Often the seven base shapes from the original stencil wall will become part of the work. Their move to the coast has only “amplified” their style, Qarqish says – those curvy shapes, always imbued with the organic feel of the natural, are now also reminiscent of shells, waves, oysters. In the context of a large conference table at the University of Southern Mississippi’s new Marine Education Center, for example, seven species of Mississippi wood twisting and curling along a center panel become running water and splashing waves.

Though much of their current work is custom-made by commission, Qarqish and Welch are now in the process of designing a HannahBerry furniture line they hope to unveil in 2019. They plan to offer pieces at several price points, helping to expand their audience. 

Qarqish says throughout the design process they’re always thinking about where and how their work will be used.

“We’re making organic pieces, so that can be very awkward in a space,” she says, “So I think we always try and work towards a lighter piece of furniture that’s not so awkward to move around or grab a hold of. We’re always trying to make sure that our finishes and also the shapes and the edges feel good. We try to think about who’s going to interact with them – is this going to hurt a baby if they run into it? Is someone going to think this is a seat rather than a table?”

Which has happened a lot with their work, she says, laughing (not a surprise, really, given the inviting curves in many of their pieces).

“We’re always trying to make sure it just feels good,” she continues, “it’s going to work in a space. We’re always wanting it to be complementary to itself, its surroundings, its space, and absolutely quality and longevity, long-lasting.”

Qarqish and Welch have also seen their work evolve as their interests and experiences change. Their recent interest in boating, for example, has affected how they build: they’re building the furniture like you’d build a boat, they say, with a skeleton and skin. Qarqish acquired an airbrush machine several years ago that she uses in her painting, and now airbrushing can be seen in their larger commissioned work as well.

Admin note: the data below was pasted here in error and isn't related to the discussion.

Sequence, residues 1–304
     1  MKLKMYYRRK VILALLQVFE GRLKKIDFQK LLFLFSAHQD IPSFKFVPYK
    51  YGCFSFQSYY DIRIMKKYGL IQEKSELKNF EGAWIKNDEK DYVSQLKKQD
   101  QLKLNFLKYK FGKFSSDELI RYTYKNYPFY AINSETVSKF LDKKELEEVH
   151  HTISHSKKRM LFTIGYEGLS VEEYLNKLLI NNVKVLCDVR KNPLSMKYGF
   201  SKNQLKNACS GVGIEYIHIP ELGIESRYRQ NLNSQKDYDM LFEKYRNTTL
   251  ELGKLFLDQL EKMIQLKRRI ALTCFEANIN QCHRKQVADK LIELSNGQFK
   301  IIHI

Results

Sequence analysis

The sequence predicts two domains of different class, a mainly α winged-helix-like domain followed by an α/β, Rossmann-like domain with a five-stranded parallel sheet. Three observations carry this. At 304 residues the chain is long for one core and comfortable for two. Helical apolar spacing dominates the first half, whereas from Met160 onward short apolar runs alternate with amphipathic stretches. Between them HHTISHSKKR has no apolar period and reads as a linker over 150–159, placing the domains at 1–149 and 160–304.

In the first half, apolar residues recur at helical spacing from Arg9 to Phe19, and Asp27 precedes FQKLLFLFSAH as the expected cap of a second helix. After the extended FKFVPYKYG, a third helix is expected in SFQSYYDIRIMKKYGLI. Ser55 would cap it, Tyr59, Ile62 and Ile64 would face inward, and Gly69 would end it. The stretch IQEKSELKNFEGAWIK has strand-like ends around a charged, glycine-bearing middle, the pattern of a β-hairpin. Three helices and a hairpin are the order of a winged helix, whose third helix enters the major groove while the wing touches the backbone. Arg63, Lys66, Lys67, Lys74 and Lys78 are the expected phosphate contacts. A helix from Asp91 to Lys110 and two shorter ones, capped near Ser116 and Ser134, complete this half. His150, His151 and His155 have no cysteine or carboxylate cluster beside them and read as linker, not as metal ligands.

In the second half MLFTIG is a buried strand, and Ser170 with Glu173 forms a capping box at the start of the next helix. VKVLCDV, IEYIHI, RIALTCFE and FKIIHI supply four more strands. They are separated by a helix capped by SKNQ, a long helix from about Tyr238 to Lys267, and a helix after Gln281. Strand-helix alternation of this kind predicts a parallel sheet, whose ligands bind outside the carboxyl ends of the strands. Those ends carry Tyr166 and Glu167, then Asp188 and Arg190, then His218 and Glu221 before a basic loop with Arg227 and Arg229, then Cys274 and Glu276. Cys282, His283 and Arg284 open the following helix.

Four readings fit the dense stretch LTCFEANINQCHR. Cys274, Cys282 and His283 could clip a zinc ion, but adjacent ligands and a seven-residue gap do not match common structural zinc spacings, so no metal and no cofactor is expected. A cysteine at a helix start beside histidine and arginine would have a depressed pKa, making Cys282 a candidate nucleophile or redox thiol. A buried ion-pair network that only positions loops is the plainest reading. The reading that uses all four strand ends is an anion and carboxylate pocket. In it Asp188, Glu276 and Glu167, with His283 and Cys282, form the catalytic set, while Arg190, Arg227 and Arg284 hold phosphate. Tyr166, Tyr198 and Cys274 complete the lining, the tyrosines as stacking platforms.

“A lot of our process will stem from something that happens here in the art studio first, and then it will kind of find its way into a functional piece,” Welch says.

“When clients see what they’re making in the studio, it ignites their creativity too,” Qarqish says. Much of their custom work is for individuals who are investing in their homes, looking for something unique, most likely a piece that’s built in to the space or the architecture of their home. Qarqish and Welch like to show clients what they’re testing out in the studio and present the idea of using it in the client’s custom piece.

“And they normally trust us,” Qarqish says. “That’s the best part. There’s this freedom to our studio, in what we do. People come to us —they want a table, maybe they know the shape of the table. But they don’t know exactly what it’s going to be in the end. There’s this element of surprise—that’s the part that I feel is the art side of the furniture. It functions exactly like the table they wanted, but then there’s this something they could not ever buy at a store, because it comes straight from us.”